How Much Time Spent on Your Business’s Social Media Is Too Much?
Social media can be a huge time sink. Estimates suggest that the average person spends 1.72 hours per day on social media, the equivalent of 28 percent of all online activity. Inc. magazine makes the issue sound even more dire: 18 percent of Facebook users can’t hold out more than “a few hours” without checking their newsfeed, and 28 percent of Twitter users check their feed first thing in the morning before they even get out of bed.
All of this time obsessing can be a hit to productivity, but what do you do if you are responsible for managing your business’s online social media presence? Ignoring the accounts entirely is a missed opportunity, especially if you have a loyal audience trying to engage with you. On the other hand, social media has only a tenuous link to sales at best for entrepreneurs, so unless your brand demands an always-on online persona, you will want to optimize your time.
So where’s the balance? The answer is different for every person and every business. Luckily, there are some tactics to determine how much time you should be spending on social media — as well as some secrets to make that time more efficient.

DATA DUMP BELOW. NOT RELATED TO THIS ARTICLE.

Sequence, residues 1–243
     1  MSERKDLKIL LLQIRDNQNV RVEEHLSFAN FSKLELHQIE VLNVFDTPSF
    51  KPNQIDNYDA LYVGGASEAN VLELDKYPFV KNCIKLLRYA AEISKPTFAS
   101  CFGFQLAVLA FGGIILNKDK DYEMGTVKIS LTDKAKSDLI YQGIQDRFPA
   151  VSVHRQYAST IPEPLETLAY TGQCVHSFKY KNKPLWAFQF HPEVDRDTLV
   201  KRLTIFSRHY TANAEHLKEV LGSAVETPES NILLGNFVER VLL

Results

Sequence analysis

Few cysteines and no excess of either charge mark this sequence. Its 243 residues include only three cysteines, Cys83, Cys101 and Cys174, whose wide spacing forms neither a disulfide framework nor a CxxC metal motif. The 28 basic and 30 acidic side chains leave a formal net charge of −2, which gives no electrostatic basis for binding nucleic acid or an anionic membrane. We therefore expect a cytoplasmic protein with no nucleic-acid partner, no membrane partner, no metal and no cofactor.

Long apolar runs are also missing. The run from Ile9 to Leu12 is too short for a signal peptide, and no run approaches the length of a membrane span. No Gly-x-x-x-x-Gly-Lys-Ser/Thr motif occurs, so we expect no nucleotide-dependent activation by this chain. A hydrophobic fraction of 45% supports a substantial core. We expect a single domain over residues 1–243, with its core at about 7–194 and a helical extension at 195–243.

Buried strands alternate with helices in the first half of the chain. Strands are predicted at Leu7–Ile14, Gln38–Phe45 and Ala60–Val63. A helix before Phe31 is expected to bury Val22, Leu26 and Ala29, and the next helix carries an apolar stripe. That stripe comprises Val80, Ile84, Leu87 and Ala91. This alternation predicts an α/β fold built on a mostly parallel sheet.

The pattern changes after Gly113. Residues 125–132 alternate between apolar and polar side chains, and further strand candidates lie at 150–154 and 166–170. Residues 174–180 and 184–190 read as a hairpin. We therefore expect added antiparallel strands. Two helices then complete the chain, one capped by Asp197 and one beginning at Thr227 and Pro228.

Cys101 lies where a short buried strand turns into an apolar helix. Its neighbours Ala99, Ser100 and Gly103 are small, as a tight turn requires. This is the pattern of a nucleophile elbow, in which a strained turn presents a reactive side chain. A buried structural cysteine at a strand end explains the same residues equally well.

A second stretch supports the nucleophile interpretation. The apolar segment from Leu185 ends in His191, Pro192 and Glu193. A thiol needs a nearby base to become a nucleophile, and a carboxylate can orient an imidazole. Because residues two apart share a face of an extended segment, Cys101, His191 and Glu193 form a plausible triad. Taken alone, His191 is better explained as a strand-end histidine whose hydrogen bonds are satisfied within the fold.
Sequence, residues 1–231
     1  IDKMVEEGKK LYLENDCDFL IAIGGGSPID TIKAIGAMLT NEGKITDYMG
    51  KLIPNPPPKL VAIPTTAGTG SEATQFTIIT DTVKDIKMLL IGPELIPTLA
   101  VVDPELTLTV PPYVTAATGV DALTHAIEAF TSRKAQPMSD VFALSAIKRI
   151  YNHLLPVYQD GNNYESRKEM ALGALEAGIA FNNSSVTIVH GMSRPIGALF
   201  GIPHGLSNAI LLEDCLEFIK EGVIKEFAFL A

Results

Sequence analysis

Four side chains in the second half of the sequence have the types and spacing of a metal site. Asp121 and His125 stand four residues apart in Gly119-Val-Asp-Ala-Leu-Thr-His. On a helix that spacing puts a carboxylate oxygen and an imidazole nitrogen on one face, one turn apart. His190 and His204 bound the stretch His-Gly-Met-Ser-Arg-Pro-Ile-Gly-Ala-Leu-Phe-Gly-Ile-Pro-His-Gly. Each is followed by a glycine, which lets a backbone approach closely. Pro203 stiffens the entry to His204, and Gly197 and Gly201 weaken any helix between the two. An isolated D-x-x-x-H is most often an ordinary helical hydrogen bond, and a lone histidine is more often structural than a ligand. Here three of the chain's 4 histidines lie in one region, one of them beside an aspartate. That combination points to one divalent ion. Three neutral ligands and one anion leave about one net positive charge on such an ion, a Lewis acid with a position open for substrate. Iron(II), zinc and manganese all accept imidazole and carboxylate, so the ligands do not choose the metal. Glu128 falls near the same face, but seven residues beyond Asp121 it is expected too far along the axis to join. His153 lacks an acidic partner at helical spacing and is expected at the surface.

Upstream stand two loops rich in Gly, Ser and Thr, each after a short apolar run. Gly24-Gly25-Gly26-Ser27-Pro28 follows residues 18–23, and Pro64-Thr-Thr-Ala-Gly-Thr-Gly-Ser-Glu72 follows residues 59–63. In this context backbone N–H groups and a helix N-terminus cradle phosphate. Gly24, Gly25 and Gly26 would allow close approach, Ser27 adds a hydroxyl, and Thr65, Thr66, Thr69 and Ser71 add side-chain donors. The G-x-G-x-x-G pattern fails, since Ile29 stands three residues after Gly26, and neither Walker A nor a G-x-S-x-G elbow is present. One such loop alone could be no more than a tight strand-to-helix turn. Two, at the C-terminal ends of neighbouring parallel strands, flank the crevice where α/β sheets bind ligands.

Set Aside Specific Times for Social Media Use
Unless you consider social media management your full-time job, there is no reason to obsess about it throughout your work day. Allot specific time slots to check in during certain times of day, send out new posts and respond to the most pressing comments or messages. Keep your activities strictly within these slots to avoid social media management from taking over your life.
As a bonus, a limited amount of time encourages you to be more judicious with how you spend it. You’ll quickly realize that writing an essay-length response to one person is not as important as briefly touching base with multiple others.
Another bonus is that customers get used to your “social working hours,” and they may note that you will be more likely to respond to posts left at certain times of the day.
So how often should you check in? Twice a day can be enough for some brands, once if your business does not have much online engagement as it is. Once in the morning and once before you leave — say, around 3:30 — could work quite well. However, note that every person’s needs will be different, so experiment with allocating different amounts of time at different points in the day to see what is maximally effective. Which brings us to our next tip:
Find What Works for You
An interesting post from BufferApp compiled data on how big brands use social media. One takeaway was that most brands have one Facebook post once per day on average. They also noted that each additional Facebook post had diminishing returns for user engagement. With Tweets, it was the same story, with more than three Tweets showing a decreased engagement rate compared to the ones before.